Effects of Robot-Assisted Therapy for the Upper Limb after Stroke

Janne M. Veerbeek*, Anneli C. Langbroek-Amersfoort, Erwin E.H. Van Wegen, Carel G.M. Meskers, Gert Kwakkel

*Corresponding author for this work

    Research output: Contribution to JournalReview articleAcademicpeer-review


    Background. Robot technology for poststroke rehabilitation is developing rapidly. A number of new randomized controlled trials (RCTs) have investigated the effects of robot-assisted therapy for the paretic upper limb (RT-UL). Objective. To systematically review the effects of poststroke RT-UL on measures of motor control of the paretic arm, muscle strength and tone, upper limb capacity, and basic activities of daily living (ADL) in comparison with nonrobotic treatment. Methods. Relevant RCTs were identified in electronic searches. Meta-analyses were performed for measures of motor control (eg, Fugl-Meyer Assessment of the arm; FMA arm), muscle strength and tone, upper limb capacity, and basic ADL. Subgroup analyses were applied for the number of joints involved, robot type, timing poststroke, and treatment contrast. Results. Forty-four RCTs (N = 1362) were included. No serious adverse events were reported. Meta-analyses of 38 trials (N = 1206) showed significant but small improvements in motor control (∼2 points FMA arm) and muscle strength of the paretic arm and a negative effect on muscle tone. No effects were found for upper limb capacity and basic ADL. Shoulder/elbow robotics showed small but significant effects on motor control and muscle strength, while elbow/wrist robotics had small but significant effects on motor control. Conclusions. RT-UL allows patients to increase the number of repetitions and hence intensity of practice poststroke, and appears to be a safe therapy. Effects on motor control are small and specific to the joints targeted by RT-UL, whereas no generalization is found to improvements in upper limb capacity. The impact of RT-UL started in the first weeks poststroke remains unclear. These limited findings could mainly be related to poor understanding of robot-induced motor learning as well as inadequate designing of RT-UL trials, by not applying an appropriate selection of stroke patients with a potential to recovery at baseline as well as the lack of fixed timing of baseline assessments and using an insufficient treatment contrast early poststroke.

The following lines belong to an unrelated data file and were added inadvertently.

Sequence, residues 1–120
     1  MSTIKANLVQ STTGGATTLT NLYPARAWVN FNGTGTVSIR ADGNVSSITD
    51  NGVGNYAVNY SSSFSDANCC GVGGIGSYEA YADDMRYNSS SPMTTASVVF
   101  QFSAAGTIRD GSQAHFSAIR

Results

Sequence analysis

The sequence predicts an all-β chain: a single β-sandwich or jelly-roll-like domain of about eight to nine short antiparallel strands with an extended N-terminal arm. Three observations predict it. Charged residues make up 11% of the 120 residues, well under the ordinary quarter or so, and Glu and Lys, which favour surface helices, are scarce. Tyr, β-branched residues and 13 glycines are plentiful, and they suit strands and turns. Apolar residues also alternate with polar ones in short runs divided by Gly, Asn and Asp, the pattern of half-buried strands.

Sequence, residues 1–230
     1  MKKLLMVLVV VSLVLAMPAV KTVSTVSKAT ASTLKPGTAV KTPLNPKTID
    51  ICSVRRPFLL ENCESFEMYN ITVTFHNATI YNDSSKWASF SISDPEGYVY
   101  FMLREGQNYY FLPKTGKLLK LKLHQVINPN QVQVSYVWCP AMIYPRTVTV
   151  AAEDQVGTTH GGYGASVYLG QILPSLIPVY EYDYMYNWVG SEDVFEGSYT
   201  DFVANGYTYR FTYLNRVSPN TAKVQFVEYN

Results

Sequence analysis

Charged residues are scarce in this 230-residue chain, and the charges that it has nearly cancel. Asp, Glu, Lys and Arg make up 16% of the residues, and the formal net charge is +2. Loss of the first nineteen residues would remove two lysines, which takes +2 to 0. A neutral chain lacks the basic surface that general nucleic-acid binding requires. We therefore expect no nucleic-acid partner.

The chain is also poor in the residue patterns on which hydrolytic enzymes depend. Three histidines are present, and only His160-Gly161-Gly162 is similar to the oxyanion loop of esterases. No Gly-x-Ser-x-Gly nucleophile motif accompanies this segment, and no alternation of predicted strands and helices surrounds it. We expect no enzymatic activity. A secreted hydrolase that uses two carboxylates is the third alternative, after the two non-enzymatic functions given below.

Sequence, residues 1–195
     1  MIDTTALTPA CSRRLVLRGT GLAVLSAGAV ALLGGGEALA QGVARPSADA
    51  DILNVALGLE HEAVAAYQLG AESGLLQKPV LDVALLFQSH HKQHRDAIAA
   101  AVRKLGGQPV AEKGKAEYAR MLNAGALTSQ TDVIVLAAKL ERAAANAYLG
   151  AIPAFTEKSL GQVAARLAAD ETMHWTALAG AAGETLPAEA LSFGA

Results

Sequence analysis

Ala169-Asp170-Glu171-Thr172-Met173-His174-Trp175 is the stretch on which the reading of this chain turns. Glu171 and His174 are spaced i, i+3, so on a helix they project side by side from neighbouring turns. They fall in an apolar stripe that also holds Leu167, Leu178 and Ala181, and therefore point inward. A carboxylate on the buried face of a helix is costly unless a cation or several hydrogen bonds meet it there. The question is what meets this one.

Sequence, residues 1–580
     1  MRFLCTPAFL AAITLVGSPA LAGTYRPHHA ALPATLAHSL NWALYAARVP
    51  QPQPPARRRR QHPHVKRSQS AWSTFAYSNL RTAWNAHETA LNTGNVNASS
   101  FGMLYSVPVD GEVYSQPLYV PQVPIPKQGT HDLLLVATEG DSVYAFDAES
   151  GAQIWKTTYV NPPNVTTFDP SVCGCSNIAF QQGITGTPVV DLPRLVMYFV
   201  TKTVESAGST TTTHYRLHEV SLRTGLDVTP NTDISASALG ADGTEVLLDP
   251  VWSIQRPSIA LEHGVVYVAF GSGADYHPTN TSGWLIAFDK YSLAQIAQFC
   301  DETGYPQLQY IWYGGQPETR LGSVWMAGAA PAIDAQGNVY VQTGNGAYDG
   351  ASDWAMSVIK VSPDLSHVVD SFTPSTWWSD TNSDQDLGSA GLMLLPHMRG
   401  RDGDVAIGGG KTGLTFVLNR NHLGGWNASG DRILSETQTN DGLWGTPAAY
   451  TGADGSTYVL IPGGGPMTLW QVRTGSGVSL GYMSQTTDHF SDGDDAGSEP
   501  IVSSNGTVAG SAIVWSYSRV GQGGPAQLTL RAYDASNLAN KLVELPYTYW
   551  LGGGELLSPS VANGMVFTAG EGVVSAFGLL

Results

Original languageEnglish
    Pages (from-to)107-121
    Number of pages15
    JournalNeurorehabilitation and Neural Repair
    Issue number2
    Publication statusPublished - 2017


    • activities of daily living
    • meta-analysis
    • review
    • robotics
    • stroke
    • upper extremity


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